4. It softens your energy crash after eating lots of sugar or carbs. Consuming vinegar before a meal can help by slowing the rush of sugar to your blood stream, so your blood sugar spike resembles a hill instead of a mountain and you don’t crash quite as hard.

5. It keeps you full longer. In a small but thorough study, researchers found that people who consumed vinegar before eating a breakfast of white bread felt more satisfied 90 minutes after eating compared to people who only ate the bread. (Worth noting: Two hours after eating, both groups were equally hungry. It just goes to show why white bread doesn’t make a stellar breakfast food — with or without vinegar.)

6. It can help your muscles produce energy more efficiently before a major push. Endurance athletes sometimes drink diluted vinegar before they carb-load the night before competing because acetic acid can helps the muscles turn carbs into energy to fuel intense exercise, according to well-regarded research conducted on animals.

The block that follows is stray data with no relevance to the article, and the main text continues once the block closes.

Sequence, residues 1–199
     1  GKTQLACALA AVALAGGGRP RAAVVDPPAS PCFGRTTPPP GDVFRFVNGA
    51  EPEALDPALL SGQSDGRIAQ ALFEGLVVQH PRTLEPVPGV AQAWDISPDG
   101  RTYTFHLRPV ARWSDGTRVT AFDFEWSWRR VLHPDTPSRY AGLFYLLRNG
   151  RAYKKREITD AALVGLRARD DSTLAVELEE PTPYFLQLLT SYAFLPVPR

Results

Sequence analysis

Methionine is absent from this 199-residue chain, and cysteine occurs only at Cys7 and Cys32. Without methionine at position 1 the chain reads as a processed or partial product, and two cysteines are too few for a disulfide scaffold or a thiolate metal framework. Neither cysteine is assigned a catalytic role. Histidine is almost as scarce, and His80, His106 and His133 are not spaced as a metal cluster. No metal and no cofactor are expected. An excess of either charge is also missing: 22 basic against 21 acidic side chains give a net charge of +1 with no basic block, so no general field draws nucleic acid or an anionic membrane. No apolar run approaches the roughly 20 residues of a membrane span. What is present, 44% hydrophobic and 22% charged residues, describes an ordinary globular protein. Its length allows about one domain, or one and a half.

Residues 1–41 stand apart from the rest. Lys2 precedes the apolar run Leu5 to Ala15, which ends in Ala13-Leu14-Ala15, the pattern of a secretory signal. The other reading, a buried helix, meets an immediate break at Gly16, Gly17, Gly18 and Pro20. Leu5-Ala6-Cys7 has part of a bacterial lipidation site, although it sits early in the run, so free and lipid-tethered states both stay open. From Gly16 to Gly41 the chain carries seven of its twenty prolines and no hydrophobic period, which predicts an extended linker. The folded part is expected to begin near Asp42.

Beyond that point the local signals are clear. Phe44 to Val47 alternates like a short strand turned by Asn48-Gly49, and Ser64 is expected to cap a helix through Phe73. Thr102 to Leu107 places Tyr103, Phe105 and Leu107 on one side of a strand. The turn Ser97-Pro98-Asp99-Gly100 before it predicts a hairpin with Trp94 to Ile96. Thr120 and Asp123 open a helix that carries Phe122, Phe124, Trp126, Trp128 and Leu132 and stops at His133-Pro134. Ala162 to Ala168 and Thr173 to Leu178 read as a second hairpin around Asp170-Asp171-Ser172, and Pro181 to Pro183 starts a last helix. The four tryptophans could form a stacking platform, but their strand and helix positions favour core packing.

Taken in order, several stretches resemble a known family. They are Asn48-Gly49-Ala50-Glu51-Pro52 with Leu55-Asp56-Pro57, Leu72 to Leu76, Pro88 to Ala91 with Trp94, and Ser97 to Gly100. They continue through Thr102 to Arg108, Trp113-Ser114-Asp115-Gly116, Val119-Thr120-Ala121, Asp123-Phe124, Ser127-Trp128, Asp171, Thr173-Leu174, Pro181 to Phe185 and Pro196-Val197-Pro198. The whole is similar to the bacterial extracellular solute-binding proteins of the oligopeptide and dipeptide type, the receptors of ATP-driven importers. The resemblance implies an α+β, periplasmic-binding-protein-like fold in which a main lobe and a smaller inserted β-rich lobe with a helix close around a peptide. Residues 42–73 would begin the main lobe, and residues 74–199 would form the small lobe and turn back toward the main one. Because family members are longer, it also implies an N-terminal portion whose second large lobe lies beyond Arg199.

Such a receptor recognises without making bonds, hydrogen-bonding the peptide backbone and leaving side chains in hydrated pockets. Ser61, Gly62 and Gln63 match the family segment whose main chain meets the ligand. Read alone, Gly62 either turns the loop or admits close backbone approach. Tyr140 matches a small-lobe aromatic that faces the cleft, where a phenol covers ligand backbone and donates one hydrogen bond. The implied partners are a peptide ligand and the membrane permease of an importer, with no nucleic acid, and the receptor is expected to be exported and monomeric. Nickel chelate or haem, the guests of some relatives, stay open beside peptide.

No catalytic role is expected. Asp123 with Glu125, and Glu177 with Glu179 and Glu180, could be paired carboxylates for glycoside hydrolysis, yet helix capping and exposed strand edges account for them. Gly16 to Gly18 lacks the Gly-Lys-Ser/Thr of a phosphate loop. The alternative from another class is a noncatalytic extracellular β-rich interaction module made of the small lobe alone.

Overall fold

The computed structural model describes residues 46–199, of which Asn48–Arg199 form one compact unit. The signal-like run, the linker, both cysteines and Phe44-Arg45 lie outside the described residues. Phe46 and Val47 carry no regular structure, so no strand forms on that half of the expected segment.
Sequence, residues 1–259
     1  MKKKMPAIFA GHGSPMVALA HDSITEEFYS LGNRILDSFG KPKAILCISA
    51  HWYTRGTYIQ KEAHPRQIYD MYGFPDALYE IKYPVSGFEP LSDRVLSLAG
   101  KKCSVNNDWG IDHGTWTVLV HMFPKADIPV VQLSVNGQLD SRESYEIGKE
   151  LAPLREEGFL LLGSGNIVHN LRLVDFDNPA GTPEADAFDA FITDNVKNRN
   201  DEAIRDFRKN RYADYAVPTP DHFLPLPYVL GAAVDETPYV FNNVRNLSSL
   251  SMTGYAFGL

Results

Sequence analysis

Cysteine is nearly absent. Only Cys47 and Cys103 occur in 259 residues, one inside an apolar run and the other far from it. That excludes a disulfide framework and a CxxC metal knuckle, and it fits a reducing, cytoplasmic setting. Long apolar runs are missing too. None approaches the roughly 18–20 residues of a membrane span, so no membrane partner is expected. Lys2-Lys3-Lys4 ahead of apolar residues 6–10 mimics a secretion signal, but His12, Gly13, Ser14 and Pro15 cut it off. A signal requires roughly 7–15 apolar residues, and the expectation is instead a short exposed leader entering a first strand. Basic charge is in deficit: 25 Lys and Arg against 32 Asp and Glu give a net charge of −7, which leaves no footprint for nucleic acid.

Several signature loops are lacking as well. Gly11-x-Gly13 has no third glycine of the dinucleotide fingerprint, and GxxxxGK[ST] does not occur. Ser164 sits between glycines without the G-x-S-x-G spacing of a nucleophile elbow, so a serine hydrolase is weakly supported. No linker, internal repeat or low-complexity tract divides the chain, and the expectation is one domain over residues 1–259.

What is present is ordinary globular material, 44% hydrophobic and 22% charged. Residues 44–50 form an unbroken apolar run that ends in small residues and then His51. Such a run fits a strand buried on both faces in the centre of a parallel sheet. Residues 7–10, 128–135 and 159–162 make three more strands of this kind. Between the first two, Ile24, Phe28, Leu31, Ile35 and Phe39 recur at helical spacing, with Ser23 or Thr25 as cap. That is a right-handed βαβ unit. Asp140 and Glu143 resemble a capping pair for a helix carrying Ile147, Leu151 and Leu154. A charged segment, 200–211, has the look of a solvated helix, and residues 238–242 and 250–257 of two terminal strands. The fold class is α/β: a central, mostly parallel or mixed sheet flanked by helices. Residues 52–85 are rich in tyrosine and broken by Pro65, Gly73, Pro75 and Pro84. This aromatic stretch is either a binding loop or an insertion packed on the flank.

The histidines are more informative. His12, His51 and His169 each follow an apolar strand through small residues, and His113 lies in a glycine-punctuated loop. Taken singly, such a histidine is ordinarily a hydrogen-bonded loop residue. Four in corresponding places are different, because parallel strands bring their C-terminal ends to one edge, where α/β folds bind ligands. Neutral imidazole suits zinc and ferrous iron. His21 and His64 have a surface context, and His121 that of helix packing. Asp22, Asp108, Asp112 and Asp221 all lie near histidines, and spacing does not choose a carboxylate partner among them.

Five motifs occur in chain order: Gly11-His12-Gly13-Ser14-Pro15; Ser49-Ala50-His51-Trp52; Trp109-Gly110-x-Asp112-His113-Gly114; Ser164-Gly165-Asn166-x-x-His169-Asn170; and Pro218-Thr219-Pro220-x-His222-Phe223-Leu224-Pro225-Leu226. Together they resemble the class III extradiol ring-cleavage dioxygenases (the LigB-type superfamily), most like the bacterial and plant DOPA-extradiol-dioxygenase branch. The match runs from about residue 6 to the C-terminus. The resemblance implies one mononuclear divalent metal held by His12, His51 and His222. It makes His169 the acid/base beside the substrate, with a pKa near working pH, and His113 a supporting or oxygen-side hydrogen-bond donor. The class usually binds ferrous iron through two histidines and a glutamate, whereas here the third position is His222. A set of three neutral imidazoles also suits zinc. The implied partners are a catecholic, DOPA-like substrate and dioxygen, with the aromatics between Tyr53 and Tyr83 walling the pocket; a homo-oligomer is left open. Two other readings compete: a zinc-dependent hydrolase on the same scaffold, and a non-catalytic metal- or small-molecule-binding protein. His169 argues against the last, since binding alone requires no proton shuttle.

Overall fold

7. It could lower your blood pressure. Animal studies suggest that drinking vinegar can lower your blood pressure by a few points. Researchers don’t understand exactly how this works or whether it is equally effective among humans, but Johnston is pretty confident it can make at least a modest difference.

8. It cleans fruits and veggies. The best way to clean produce, according to Johnston, is with diluted vinegar: Research suggests its antibacterial properties can significantly reduce pathogens such as Salmonella. Just fill an empty spray bottle with diluted vinegar and spritz your produce (salad stuff, fruits, etc.) then rinse in regular water before serving.

9. It kills bad breath. You might have heard that the antibacterial properties of vinegar can kill microorganisms responsible for bad breath — and in theory, this is true. However, Johnston warns, “it’s no more effective than any other antibacterial agents, and there are better products designed for this purpose.”

10. It deodorizes smelly feet. Just wipe down your clompers with a paper towel dipped in diluted vinegar. The antibacterial properties of vinegar will kill the smelly stuff.